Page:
Preserving stepped-up basis will be a high priority, but I am also keenly focused on expanding broadband access across Kentucky and fighting back against overregulation. During the Obama Administration, family farmers were crushed under an avalanche of red tape. This onslaught of government overreach was epitomized by the “Waters of the U.S.” rule, which they tried to use to give federal bureaucrats control over every pothole, ditch, and puddle in America. I was proud to prevent that rule from going into effect, but now President Biden would like to return to these types of failed policies. I will make it my priority to stand in his way.
As a senior member of the Senate Agriculture Committee, we are also beginning to work on the next Farm Bill. The legislation will help drive economic development in our farm communities. Throughout the negotiation process I will focus on maintaining a strong commodity safety net that protects crop insurance, supports future generations of farmers, and preserves our land. Farm families deserve stability and I will continue working with the Kentucky Farm Bureau to ensure the Senate will provide it.
KYFB: From an advocacy standpoint, what would you tell Farm Bureau members to do at this point in time?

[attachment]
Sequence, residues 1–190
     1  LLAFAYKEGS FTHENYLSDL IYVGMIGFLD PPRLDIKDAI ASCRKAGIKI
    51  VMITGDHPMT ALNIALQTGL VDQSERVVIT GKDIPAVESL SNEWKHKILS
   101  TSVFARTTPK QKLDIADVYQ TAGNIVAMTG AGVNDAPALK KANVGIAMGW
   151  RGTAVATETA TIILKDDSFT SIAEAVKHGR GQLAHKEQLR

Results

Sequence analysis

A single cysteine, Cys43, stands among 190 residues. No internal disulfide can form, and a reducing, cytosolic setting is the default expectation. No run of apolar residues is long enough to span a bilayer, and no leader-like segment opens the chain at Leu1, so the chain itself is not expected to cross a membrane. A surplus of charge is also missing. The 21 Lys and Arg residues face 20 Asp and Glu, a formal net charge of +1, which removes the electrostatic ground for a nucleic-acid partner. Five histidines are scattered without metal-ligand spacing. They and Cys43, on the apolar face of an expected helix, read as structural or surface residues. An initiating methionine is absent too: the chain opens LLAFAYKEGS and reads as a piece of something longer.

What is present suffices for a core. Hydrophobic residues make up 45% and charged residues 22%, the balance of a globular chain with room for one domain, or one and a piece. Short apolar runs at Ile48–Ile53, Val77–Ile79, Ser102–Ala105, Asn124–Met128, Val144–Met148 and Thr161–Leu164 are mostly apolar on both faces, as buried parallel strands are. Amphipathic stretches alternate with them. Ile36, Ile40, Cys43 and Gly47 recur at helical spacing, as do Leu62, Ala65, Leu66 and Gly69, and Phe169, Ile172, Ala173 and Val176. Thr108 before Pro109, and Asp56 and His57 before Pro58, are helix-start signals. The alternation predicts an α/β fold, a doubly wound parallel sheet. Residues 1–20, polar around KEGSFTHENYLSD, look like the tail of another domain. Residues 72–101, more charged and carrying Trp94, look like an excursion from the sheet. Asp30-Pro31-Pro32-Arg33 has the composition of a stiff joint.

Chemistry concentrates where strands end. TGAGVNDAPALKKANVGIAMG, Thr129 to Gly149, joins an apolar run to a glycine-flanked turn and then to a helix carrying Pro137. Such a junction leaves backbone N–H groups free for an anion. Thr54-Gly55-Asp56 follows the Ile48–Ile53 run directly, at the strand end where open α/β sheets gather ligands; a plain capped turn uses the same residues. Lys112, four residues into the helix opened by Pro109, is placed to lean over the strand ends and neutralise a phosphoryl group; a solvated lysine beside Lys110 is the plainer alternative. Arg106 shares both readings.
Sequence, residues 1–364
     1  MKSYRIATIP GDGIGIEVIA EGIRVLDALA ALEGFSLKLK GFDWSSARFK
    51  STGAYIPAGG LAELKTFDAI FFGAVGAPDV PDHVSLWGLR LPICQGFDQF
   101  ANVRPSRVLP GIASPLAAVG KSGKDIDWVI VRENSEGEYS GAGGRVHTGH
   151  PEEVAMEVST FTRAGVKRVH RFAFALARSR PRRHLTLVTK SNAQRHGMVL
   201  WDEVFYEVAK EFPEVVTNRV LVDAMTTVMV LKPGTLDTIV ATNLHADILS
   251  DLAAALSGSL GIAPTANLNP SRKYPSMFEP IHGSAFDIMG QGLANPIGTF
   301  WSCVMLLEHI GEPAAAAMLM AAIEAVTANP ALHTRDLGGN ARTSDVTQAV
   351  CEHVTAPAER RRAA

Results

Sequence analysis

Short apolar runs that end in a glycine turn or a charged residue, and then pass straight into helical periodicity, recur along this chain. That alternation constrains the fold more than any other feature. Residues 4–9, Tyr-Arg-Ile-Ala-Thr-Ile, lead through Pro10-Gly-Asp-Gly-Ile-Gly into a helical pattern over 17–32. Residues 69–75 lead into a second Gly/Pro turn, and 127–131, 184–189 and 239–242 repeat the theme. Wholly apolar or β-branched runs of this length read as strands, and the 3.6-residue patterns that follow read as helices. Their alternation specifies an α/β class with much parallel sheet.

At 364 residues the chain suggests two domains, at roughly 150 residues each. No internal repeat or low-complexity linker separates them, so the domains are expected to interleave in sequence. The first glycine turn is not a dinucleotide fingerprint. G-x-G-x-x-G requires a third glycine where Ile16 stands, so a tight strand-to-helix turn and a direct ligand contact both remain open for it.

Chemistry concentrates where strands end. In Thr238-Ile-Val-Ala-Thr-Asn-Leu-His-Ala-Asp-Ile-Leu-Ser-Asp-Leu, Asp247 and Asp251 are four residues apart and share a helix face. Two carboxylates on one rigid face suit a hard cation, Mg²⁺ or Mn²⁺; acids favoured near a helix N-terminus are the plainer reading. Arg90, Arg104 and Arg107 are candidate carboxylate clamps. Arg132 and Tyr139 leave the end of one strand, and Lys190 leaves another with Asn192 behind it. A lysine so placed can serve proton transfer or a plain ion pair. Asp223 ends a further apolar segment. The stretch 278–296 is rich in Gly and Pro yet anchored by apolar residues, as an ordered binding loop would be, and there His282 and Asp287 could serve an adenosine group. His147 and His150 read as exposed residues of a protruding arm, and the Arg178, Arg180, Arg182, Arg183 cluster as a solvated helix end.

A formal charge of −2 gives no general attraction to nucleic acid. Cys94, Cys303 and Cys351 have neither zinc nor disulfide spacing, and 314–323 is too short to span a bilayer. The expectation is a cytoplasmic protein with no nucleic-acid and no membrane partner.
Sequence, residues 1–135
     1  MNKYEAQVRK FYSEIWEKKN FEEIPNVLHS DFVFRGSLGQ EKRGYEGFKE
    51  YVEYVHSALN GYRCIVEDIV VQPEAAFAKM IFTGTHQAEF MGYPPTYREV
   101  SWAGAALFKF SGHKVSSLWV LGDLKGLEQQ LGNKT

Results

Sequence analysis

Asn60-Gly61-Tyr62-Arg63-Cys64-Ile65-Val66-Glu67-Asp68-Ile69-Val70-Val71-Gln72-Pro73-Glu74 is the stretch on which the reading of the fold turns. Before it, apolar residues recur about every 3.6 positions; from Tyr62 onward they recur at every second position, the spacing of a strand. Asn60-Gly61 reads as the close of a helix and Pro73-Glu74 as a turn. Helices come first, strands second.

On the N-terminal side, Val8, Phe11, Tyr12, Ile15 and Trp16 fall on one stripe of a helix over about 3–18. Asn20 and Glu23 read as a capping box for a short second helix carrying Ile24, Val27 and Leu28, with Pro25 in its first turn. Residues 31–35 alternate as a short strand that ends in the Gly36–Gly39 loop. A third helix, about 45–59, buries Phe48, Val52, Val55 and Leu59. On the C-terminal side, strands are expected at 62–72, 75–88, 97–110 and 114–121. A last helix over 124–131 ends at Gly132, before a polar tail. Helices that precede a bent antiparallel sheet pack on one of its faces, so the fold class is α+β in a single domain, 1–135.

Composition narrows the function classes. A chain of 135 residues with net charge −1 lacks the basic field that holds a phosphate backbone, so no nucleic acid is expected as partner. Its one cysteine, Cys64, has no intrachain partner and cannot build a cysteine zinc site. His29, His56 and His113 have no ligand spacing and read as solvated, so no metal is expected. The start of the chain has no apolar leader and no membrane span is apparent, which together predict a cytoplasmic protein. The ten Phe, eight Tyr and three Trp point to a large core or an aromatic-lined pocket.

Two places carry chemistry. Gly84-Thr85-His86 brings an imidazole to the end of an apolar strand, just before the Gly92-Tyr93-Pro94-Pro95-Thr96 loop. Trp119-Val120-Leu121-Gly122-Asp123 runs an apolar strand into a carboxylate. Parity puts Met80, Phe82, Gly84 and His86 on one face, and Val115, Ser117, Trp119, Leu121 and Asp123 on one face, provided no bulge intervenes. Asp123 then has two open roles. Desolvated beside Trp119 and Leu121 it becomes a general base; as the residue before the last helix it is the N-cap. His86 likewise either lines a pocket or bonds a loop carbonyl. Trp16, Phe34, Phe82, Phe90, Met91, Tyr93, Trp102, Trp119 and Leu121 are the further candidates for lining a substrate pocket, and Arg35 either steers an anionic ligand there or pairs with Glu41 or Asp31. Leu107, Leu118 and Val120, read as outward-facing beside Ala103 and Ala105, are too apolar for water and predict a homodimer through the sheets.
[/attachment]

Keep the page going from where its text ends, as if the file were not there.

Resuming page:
Leader McConnell: As the Biden Administration’s plan to eliminate stepped-up basis illustrates, liberal leaders in Washington are deeply out of touch with the farming communities that keep our country fed. They are pursuing the largest expansion of the federal government in recent memory and will take aim at any vulnerable community they can find just to pay for it. To combat this threat, Kentucky’s farmers need to make their presence known and their voices heard.
The Farm Bureau is a great place to start. For more than a century, they have advocated on behalf of Kentucky’s farmers and ensured our leaders in Washington listen to their rural constituents. At a time when far-left liberals seem to have forgotten about our rural communities, the Farm Bureau has never been more important. I encourage all Farm Bureau members to double down on their commitment to this great organization and continue to support their advocacy efforts in Frankfort and Washington.